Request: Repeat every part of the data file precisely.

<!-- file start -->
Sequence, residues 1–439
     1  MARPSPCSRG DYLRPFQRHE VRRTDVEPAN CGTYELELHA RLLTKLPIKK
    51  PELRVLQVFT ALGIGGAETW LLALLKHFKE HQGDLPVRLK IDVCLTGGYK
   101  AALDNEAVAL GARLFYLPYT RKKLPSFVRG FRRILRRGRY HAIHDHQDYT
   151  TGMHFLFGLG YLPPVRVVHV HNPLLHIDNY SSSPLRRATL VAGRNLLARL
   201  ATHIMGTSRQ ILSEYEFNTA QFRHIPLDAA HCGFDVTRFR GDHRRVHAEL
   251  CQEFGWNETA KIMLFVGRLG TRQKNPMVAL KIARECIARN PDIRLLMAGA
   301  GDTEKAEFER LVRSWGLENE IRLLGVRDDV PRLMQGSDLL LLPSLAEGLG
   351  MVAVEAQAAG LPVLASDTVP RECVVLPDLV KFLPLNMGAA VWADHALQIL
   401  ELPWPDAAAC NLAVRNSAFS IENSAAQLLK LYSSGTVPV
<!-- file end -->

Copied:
Sequence, residues 1–439
     1  MARPSPCSRG DYLRPFQRHE VRRTDVEPAN CGTYELELHA RLLTKLPIKK
    51  PELRVLQVFT ALGIGGAETW LLALLKHFKE HQGDLPVRLK IDVCLTGGYK
   101  AALDNEAVAL GARLFYLPYT RKKLPSFVRG FRRILRRGRY HAIHDHQDYT
   151  TGMHFLFGLG YLPPVRVVHV HNPLLHIDNY SSSPLRRATL VAGRNLLARL
   201  ATHIMGTSRQ ILSEYEFNTA QFRHIPLDAA HCGFDVTRFR GDHRRVHAEL
   251  CQEFGWNETA KIMLFVGRLG TRQKNPMVAL KIARECIARN PDIRLLMAGA
   301  GDTEKAEFER LVRSWGLENE IRLLGVRDDV PRLMQGSDLL LLPSLAEGLG
   351  MVAVEAQAAG LPVLASDTVP RECVVLPDLV KFLPLNMGAA VWADHALQIL
   401  ELPWPDAAAC NLAVRNSAFS IENSAAQLLK LYSSGTVPV